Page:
In 1955, Big Maybelle recorded "Whole Lotta Shakin' Goin' On" in New York.

In 1956, Carl Perkins' career was derailed when he was injured in a car accident en route to perform on Perry Como's TV show. Perkins' brother, Jay, was killed in the crash.

In 1961, the Beatles played Liverpool's Cavern Club for the first time.

In 1969, one day after their wedding, John Lennon and Yoko Ono began the first of their two "Bed-Ins for Peace" at the Amsterdam Hilton.

In 1970, the Guess Who single "American Woman" was released.

In 1976, David Bowie and Iggy Pop were arrested on marijuana possession charges at New York's Rochester hotel. The case was later dropped.

In 1984, Slim Jim Phantom of the Stray Cats married actress Britt Eklund.

In 1987, Journey was named Outstanding Group of the Year at the 10th annual Bay Area Music Awards. John Fogerty took home the Musician of the Year award.

Also in 1987, Dean Paul Martin -- "Dino" of the '60s trio Dino, Desi and Billy and Dean Martin's son -- was killed when his Air National Guard jet crashed in the San Bernardino Mountains in California.


In 1988, Ike Turner was sentenced to five years' probation after pleading guilty to cocaine possession charges in a Pasadena, Calif., courtroom. It was the musician's second drug conviction in a week.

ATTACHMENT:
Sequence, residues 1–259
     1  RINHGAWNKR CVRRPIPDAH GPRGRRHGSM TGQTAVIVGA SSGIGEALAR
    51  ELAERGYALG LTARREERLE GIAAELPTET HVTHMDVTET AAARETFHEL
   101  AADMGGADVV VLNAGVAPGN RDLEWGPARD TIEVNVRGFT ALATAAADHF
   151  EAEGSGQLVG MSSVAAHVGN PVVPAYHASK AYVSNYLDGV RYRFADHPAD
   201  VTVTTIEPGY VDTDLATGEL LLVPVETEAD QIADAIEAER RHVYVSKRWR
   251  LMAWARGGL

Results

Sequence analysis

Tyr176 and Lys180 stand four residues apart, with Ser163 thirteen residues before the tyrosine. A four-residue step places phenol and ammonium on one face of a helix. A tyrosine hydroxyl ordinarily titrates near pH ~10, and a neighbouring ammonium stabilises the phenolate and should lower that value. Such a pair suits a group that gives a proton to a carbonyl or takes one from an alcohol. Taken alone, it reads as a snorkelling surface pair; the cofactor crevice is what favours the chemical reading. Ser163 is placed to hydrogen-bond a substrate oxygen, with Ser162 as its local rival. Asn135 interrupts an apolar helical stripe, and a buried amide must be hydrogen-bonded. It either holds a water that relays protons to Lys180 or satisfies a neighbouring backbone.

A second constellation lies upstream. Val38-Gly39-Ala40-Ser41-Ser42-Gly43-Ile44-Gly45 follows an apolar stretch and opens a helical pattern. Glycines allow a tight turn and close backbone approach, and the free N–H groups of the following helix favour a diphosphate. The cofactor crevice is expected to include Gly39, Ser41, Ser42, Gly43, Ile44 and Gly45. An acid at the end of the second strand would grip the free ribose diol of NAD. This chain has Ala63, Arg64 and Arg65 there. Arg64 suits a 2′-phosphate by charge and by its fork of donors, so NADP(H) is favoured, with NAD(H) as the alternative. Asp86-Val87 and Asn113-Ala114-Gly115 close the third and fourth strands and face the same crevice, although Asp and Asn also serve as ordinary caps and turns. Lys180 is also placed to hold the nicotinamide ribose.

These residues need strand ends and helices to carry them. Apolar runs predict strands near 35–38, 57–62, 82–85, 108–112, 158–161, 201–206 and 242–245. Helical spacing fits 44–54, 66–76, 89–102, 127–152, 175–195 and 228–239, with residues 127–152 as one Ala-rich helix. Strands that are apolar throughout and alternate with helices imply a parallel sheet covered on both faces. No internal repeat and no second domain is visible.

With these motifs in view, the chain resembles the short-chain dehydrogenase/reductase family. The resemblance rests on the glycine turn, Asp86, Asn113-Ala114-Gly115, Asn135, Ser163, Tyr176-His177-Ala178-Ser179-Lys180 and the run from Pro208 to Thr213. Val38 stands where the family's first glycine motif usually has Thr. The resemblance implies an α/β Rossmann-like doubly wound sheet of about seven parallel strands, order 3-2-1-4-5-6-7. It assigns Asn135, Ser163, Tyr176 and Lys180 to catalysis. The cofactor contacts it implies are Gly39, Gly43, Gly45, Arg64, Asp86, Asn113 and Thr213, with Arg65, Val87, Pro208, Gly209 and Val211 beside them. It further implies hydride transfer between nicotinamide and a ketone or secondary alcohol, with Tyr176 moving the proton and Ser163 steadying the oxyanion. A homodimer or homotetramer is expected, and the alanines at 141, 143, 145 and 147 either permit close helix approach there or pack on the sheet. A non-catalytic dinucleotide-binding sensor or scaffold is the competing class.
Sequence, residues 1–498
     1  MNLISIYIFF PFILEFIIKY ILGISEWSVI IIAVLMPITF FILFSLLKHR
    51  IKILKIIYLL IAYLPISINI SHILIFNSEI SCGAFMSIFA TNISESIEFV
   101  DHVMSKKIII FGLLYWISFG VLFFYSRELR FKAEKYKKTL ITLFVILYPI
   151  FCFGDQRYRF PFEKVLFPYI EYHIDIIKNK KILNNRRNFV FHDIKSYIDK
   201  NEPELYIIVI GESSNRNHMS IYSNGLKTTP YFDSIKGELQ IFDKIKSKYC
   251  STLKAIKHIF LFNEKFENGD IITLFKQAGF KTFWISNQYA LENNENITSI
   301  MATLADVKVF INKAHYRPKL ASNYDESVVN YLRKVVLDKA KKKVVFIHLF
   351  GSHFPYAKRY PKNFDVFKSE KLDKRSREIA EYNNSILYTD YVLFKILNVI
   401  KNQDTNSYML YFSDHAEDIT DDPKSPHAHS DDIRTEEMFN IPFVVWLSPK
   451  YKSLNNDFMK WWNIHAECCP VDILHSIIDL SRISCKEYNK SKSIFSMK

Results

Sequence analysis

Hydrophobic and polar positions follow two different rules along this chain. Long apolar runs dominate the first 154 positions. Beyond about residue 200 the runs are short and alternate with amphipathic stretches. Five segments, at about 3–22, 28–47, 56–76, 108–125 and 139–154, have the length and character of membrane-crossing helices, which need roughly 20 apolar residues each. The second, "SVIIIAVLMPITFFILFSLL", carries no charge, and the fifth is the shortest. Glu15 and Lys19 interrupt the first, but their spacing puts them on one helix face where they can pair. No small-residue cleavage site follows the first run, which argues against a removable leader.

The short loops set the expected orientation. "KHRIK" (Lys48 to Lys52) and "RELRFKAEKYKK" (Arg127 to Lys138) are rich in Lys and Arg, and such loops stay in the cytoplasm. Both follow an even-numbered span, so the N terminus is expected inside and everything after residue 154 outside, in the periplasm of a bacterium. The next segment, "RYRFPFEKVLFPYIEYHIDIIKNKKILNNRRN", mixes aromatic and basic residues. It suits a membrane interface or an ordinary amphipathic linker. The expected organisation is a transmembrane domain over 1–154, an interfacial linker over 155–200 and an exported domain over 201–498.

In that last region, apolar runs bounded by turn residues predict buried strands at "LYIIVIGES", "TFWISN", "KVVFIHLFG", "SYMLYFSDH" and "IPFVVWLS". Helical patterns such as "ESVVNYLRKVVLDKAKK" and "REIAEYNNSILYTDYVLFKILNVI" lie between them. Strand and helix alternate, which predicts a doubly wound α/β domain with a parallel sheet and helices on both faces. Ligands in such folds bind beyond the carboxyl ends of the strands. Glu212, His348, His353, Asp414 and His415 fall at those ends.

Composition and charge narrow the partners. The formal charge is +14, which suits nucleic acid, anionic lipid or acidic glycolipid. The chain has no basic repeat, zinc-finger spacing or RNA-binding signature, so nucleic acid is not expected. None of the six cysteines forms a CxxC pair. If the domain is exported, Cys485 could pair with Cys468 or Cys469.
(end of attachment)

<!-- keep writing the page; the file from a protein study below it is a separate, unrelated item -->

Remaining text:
Also in 1988, Ziggy Marley -- son of the late reggae star Bob Marley -- released his "Conscious Party" album.

And in 1988, Hank Williams Jr. was named Entertainer of the Year by the Academy of Country Music.

In 1993, the "Beauty and the Beast" soundtrack, k.d. lang, Billy Ray Cyrus and U2 were winners at the Juno Awards, Canada's version of the Grammys.

In 1994, Bruce Springsteen won the best song Oscar for his "Streets of Philadelphia" from the movie "Philadelphia."

Also in 1994, rocker Mitch Ryder announced he would donate royalties from his new song "Mercy" to "Dr. Death" Jack Kevorkian's campaign to permit assisted suicide in Michigan.

In 1995, REM drummer Bill Berry left a Lausanne, Switzerland, hospital 19 days after undergoing brain surgery to repair an aneurysm.

Also in 1995, Elton John's "Made in England" album was released.

In 1996, it was announced that Sheryl Crow would accompany first lady Hillary Rodham Clinton to visit U.S. peacekeeping troops in Bosnia.


In 1997, Snoop Doggy Dogg was sentenced to three years' probation after pleading guilty to being an ex-felon in possession of a gun. The charges stemmed from an arrest on July 21, 1993.

In 1999, Elton John's 7th annual Oscar night fundraiser in West Hollywood raised more than $300,000 for his AIDS charity.

In 2000, 'N Sync broke the record for sales when the group's second CD, "No Strings Attached," sold 1.1 million copies in its first day of release.

Today's musical quiz:

Who was the Beatles' drummer when they first played Liverpool's Cavern Club? Answer: Pete Best. He was replaced the following year by Ringo Starr.